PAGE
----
During the first century and a half on the throne, the Qing rulers sent soldiers and intellectuals to the furthermost areas of China on what can be viewed as a “civilization mission”. William T. Rowe, historian and author of China’s Last Empire: The Great Qing, asserts that Chinese methods of living were “implanted in frontier or colonial areas as the norms of civilized human society”. These so called “civilization missions”, similar to the Europeans, were meant to unify the people on the border under an assimilated culture to protect imperial security. Similarly, the historian Peter Perdue notes that the traditional historical belief of the Qing Empire was that frontier people accepted the norms of the Orthodox Confucian culture with open arms. It was viewed as the superior norm for civilized society. By assimilating the people of the border, the Qing Empire was able to unify China under common social norms such as the family system, male inheritance, marriage, and literacy in the Chinese language. Most importantly, the Qing passed down traditional Chinese culture from ...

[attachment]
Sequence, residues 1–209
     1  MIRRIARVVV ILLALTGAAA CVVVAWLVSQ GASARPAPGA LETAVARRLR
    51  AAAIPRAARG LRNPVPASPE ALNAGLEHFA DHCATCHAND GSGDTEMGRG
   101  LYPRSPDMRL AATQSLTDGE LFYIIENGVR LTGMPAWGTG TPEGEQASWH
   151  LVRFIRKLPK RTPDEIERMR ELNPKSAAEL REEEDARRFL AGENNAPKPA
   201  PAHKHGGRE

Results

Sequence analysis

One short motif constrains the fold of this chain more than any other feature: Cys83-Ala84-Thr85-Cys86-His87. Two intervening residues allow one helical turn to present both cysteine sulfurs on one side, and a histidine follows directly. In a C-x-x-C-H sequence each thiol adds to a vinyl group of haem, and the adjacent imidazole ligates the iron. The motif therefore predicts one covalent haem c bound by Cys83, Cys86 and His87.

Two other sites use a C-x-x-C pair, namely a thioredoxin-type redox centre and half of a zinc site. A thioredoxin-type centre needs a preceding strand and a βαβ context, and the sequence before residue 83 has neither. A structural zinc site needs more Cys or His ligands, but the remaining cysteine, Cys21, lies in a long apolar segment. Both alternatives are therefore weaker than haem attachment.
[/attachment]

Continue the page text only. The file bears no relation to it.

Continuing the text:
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...es proved to perform their task extremely well. The empire was thus economically controlled through monetary stability over time, along with a successful granary system for one of its most important commodities.
Overall, the Qing Empire made multiple approaches through unity of its people. The people of China conformed to social norms and ideologies approved by the Qing passed down by the Ming, and the administrative services gave the common people a newfound chance at social mobility and identifying themselves as scholar elites. Their hands on economic and governmental approaches to their empire and people made significant advances in Chinese society. These aforementioned factors gave new life in China and created the base for the remembrance of the High Qing Empire from the 17th to 18th century, creating the transition from what is seen as traditional to modern.
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